The foregoing ratio of photosensitizing agent to viscous carrier is preferable, and may be varied depending on the particular viscosity agent and any optional ingredients that are also utilized in the formulation to be administered. Moreover, the same final viscosity can be achieved with a variety of different ingredients such as polysaccharide, preferably a water-soluble polysaccharide, e.g., hyaluronic acid, starches, and cellulose derivatives (such as methylcellulose, hydroxyethyl cellulose, and carboxymethyl cellulose). When a polysaccharide is present in a gel formulation, the amount usually present is in the range of about 1-90% by weight of the gel, more preferably about 1-20%. Examples of other suitable polysaccharides for this purpose and a determination of the solubility of the polysaccharides are found in EP 267,015 published May 11, 1988. Other thickeners may also be added to the formulations of the invention in standard amounts, typically organic cellulose ethers such as hydroxypropyl methyl cellulose, or hyaluronic acid salts such as the sodium salt of hyaluronic acid. Customary buffers can also be added in standard amounts.
The particular concentration of a given green porphyrin should be adjusted according to its photosensitizing potency. For example, BPD-DA can be used but at about a five-fold higher concentration than that of BPD-MA. Moreover, the BPD may be solubilized in a different manner than by formulation in liposomes. For example, stocks of BPD-MA or any other green porphyrin may be diluted in DMSO (dimethylsulfoxide), poyethylene glycol or any other solvent acceptable for use in the eye. Still, the proportion between the volume of the drug and the volume of viscous material should be kept relatively constant, to preserve the viscosity and thus the containability of the drug in the capsule.
Normally, the adjustment of pH is not required when liposomal BPD-MA is used, as both components (i.e., BPD and the viscous material) have a neutral pH. However, when other solvents than liposomes are used, the pH should be adjusted before mixing the drug with the viscous material. Bacteriostatic agents approved for use in the eye optionally may be added to the formulation, but antioxidants may interfere with the treatment and thus generally should be avoided.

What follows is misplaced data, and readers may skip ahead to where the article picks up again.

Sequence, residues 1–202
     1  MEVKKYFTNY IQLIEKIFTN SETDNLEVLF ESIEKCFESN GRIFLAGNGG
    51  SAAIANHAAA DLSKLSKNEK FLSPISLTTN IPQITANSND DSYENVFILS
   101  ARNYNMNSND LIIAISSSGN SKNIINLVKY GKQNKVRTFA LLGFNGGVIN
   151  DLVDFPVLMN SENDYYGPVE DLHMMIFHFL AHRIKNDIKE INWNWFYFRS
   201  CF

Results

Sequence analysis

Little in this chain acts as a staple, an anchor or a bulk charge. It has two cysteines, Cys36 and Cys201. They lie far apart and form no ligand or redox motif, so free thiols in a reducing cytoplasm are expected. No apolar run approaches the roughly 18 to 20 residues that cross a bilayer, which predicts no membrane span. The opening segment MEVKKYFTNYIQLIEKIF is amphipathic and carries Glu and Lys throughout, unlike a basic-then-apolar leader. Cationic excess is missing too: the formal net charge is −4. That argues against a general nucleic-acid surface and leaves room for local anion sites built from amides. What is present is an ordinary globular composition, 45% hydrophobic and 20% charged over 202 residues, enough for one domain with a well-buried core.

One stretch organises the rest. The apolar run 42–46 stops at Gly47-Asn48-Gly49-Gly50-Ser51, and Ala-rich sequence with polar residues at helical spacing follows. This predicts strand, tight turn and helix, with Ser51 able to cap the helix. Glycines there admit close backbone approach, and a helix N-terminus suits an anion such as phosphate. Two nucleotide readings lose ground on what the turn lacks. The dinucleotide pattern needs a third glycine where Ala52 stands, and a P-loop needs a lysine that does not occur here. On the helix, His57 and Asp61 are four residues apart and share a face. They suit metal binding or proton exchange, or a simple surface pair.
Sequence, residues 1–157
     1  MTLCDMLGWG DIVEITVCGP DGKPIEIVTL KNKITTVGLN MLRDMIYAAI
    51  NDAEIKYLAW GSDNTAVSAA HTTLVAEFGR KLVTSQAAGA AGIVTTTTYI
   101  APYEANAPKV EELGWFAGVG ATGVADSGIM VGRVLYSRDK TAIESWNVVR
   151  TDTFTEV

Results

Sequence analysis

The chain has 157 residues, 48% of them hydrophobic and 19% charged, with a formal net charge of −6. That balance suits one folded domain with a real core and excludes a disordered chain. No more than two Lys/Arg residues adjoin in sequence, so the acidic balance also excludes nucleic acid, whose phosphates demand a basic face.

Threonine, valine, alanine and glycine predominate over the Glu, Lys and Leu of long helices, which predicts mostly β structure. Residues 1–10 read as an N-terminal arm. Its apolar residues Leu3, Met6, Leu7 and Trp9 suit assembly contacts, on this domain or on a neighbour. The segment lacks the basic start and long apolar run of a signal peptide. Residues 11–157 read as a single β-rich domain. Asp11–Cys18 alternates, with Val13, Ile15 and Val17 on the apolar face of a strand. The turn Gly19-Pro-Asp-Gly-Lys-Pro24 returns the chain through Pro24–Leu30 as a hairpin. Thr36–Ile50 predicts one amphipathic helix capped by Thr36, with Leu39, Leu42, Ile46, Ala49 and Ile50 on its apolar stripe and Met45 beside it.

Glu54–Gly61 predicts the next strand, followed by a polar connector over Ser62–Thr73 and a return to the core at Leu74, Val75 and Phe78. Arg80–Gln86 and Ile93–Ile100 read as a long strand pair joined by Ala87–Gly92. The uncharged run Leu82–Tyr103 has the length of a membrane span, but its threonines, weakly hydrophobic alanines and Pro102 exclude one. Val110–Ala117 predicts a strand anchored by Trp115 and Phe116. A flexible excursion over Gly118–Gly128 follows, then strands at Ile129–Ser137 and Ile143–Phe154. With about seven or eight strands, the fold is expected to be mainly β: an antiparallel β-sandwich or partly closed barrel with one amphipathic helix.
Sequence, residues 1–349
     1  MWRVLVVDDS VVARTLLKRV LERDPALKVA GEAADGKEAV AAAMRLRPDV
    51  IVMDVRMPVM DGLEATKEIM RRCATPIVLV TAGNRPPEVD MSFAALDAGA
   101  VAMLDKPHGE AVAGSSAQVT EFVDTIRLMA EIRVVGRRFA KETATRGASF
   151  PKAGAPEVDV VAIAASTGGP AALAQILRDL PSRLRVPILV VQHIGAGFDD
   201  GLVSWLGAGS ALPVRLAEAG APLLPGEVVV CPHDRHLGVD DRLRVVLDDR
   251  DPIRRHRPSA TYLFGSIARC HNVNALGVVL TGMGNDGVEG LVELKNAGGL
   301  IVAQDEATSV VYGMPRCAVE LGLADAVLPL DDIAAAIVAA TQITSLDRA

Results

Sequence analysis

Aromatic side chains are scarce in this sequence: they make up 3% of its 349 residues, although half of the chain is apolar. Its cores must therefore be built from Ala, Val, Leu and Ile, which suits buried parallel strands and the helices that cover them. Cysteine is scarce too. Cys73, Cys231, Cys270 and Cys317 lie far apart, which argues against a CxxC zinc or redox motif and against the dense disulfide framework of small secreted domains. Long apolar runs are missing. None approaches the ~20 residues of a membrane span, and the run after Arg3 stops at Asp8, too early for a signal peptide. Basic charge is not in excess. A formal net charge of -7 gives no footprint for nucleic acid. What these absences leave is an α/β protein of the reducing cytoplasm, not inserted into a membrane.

Preparation of dry formulations that are reconstituted immediately before use also are contemplated. The preparation of dry or lyophilized formulations of the compositions of the present invention can also be effected in a known manner, conveniently from the solutions of the invention. The dry formulations of this invention are also storable. By conventional techniques, a solution can be evaporated to dryness under mild conditions, especially after the addition of solvents for azeotropic removal of water, typically a mixture of toluene and ethanol. The residue is thereafter conveniently dried, e.g for some hours in a drying oven.
Suitable isotonising agents are preferably nonionic isotonising agents such as urea, glycerol, sorbitol, mannitol, aminoethanol or propylene glycol. In contrast, ionic isotonising agents such as sodium chloride are generally unsuitable in the context of this invention. The solutions of this invention will contain the isotonising agent, if present, in an amount sufficient to bring about the formation of an approximately isotonic solution. The expression "an approximately isotonic solution" will be taken to mean in this context a solution that has an osmolarity of about 300 milliosmol (mOsm), conveniently 300+10% mOsm. It must be borne in mind that all components of the solution contribute to the Osmolarity. The nonionic isotonising agent, if present, is added in customary amounts, i.e., preferably in amounts of about 1 to about 3.5 percent by weight, preferably in amounts of about 1.5 to 3 percent by weight.
Solubilizers such as Cremophor types, preferably Cremophor RH 40, or Tween types or other customary solubilisers, may be added to the solutions of the invention in standard amounts.